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Posted by Henry Meyerding on Oct 12, 2012 - 11:07:07 AM
UNITED STATES—I have been a lifelong devotee of science fiction. I cut my teeth on Jules Verne and HG Wells. My early notions were profoundly influenced by the future visions of people like Ray Bradbury and Isaac Asimov. But looking back on that great cavalcade of adventure, romance and speculation, I think the most fascinating part was what other people’s vision of the future said about the present time in which they wrote.
What was important to Jules Verne or Edgar Rice Burroughs was fundamentally different than what was important to Arthur C. Clarke or John Brunner. I wish I could lay my hands on some Roman sci-fi or Chinese, Han dynasty sci-fi. I think that this kind of literature would provide immense insight into those people who died so long ago. Imagine yourself, sitting in a bog in Northern Germany in 400 AD. What would your science fiction be? The conventional answer is religion. Revelations, and other prophecy, would be examples of this. And I suppose there is some merit to that argument. Certainly there are a great many similarities between great world religions and great sci-fi.
There are many parallels to the process of understanding, say, the worldview of Islam and the worldview of the Foundation Trilogy. The only seamless transition from science fiction to religion is of course L Ron Hubbard’s, Scientology. But many other religions have fulfilled the needs that people have for big epic stories of great wonder and magic. Many of the world’s great religions share very similar story lines, and not just by the process of plagiarism. Many of these stories address deeply seated human needs. We all have more similarities to unite us than differences to drive us apart.
I think that a great deal of the creative and imaginative energy that my generation put into the inner dialogues we had with works of science fiction, are today devoted to games like World of Warcraft. Similar wellsprings of energy and creativity are gathered in social media, like facebook. There are millions of people who play out major portions of their lives, virtually, in these global sandboxes.
And that does not even touch the surface of all the people who invent and live new characters online. Often these are personae that have little or nothing to do with their empirical experience. Go to any chat room and it doesn’t take you long to wonder who is really there. Sometimes it is easy to spot the shape-changers - the women who are men, and the men who are women, the old who are young, and the young who are old. Does a teenage girl in Bombay type with a different accent than a 40-something personal trainer in Phoenix, AZ? That’s real sci-fi, worthy of Merlin’s magic.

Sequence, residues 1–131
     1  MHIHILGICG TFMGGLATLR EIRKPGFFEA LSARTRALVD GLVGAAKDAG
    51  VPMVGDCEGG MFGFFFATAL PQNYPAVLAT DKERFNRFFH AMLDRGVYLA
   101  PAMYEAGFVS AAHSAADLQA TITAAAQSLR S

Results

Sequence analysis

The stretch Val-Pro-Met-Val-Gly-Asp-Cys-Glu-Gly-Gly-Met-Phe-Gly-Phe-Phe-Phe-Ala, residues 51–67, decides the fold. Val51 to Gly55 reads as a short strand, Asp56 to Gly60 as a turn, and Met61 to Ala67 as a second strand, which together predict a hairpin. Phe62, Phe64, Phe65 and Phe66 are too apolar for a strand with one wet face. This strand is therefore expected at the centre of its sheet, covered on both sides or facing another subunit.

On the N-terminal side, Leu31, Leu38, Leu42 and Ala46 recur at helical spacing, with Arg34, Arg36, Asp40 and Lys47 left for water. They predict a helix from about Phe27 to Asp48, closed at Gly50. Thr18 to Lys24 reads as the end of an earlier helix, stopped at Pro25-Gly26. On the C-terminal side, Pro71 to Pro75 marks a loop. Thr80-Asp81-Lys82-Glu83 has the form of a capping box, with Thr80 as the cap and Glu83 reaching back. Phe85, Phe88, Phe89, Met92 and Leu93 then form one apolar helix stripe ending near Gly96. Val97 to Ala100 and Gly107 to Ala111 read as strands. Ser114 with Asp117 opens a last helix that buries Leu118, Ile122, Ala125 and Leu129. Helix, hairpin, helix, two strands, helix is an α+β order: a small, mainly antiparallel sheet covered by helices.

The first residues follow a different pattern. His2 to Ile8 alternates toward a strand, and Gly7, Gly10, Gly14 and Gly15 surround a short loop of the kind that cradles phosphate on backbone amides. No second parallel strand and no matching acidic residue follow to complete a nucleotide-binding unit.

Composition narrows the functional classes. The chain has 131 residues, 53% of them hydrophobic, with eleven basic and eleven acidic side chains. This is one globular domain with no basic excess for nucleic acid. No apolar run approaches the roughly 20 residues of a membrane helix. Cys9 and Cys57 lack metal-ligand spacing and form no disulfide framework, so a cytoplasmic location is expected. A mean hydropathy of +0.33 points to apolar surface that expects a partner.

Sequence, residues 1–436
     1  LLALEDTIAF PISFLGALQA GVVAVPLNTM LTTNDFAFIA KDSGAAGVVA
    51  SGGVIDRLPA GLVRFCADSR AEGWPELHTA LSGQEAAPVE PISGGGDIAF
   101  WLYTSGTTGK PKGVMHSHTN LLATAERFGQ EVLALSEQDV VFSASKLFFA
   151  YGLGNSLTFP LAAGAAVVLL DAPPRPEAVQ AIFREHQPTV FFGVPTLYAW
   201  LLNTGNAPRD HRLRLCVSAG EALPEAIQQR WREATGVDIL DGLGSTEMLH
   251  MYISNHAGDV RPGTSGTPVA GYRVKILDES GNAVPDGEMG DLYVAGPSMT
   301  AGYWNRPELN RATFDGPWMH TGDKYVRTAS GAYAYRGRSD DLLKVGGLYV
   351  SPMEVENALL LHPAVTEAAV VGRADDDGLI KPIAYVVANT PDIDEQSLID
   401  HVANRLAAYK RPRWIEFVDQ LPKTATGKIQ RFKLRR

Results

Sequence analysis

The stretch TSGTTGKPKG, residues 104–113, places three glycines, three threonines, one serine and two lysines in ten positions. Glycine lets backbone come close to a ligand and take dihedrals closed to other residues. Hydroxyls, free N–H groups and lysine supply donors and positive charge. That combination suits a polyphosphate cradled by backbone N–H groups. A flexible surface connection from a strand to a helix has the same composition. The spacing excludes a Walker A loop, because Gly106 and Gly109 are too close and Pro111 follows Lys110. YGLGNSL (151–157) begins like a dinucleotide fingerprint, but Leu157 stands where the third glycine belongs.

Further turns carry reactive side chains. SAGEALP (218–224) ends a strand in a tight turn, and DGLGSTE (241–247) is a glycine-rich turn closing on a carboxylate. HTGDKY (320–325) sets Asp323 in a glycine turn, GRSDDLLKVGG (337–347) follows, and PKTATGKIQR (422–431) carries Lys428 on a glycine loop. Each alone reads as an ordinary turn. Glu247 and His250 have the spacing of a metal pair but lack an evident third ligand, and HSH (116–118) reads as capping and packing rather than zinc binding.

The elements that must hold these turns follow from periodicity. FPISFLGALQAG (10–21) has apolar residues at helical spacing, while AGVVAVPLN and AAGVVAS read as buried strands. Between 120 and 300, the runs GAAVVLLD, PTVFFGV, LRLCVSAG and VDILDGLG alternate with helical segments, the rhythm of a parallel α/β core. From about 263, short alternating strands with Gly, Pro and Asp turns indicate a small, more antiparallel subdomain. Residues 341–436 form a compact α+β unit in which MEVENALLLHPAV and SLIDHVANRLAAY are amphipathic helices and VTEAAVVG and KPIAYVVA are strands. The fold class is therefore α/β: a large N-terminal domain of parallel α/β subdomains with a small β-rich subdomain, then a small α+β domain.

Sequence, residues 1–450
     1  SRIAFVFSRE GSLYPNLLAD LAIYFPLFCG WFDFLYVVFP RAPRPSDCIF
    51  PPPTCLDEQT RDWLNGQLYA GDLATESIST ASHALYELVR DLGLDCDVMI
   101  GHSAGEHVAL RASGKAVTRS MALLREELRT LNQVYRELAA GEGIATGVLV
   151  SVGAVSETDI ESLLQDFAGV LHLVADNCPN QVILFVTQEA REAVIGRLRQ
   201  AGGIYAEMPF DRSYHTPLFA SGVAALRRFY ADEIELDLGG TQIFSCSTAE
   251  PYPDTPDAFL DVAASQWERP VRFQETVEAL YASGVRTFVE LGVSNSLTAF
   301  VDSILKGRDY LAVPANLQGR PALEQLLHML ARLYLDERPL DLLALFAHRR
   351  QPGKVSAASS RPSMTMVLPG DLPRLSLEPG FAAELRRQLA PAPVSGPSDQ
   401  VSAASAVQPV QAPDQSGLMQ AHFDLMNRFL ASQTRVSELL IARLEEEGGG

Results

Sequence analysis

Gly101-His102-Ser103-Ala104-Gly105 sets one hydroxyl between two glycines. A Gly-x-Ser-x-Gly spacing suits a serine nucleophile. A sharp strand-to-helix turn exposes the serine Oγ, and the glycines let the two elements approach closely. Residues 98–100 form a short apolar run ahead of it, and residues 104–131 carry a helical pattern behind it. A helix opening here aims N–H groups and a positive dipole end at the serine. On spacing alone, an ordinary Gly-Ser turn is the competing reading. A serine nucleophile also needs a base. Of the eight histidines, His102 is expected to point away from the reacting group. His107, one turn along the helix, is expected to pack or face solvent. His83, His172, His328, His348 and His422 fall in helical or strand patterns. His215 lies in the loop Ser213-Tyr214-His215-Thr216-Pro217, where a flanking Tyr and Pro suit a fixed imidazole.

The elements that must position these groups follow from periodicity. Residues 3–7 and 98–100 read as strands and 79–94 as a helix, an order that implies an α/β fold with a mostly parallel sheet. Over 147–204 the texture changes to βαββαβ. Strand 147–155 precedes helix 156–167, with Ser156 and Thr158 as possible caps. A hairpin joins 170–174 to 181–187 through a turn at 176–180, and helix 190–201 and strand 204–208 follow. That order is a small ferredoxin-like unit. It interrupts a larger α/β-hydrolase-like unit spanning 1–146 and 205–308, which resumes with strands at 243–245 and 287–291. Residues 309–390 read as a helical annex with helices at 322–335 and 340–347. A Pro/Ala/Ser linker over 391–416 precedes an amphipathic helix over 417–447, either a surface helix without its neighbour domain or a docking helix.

But is any of it real, or can any of this unreality resolve itself into anything that is actually worthwhile? Is it all just a big waste of time? Is any fiction meaningful? Did JRR Tolkien inspire anyone to be a better person? Does exposure to a fictional hero like Gandalf inspire inspiration and life change the way it is claimed for a “real” hero like Jesus or Mohammed? I know that I am a better person than I would have been because of all the great fictional characters, like Atticus Finch, that I know. My life has not been devoid of real heros, like Rachel Carson, Dick Gregory or Noam Chomsky - people of substance, who worked their whole lives to achieve a better future for mankind. But was Rosa Parks a greater influence on my life than Galadriel? It is difficult to say. Sometimes I think that the films of Stanley Kubrick were more influential in my life than the very real person of my own father.
We have a rich landscape of reality that is composed of many real things, and many unreal things. We’re supposed to be able to tell the difference. But it isn’t always easy, and we are not always right. And does it actually really matter in the end? I suppose that depends on what end we arrive at.
I have a co-worker who is fond of saying, at the conclusion of any contentious argument, “Well, there ain’t none of us going so get out of this alive, so what difference does it make?” He’s a very material person, a person with a wealth of life experience, and a person who is skeptical of ideals. I tend towards a lot more idealism. I always have. And it has done me a lot of good, and it has gotten me into a lot of trouble. But this co-worker began his journey in many of the same books I began in... but we have arrived at a much different appreciation of the world.
My grandfather arrived at the end of his life alone and full of regrets. He lived a very factual life. His was a material life, in a material generation, and he made two fortunes in his life, of which he was immensely proud. But in the end, that didn’t help him. In his end, he was alone. I don’t think I can ever be as alone as he was. I have so many imaginary friends who come along with me everywhere I go. I understand the world through the wisdom of the world, recorded in the lines penned by other people, most of whom are gone long ago to their last reward. But they are with me still, and will be with me as long as there is a me to be.
It was the Boxcar Children who taught me to be a child. It was Charlotte’s Web that taught me to be fair. It was Narnia and Middle Earth that created the notion of greatness and courage in my mind. It was innumerable authors of science fiction who brought me to consider what was possible, or impossible, for a human being to aspire to. “If I have seen further it is by standing on ye sholders of Giants.” (Isaac Newton) And in your journey, I hope you all have a similar company with you.
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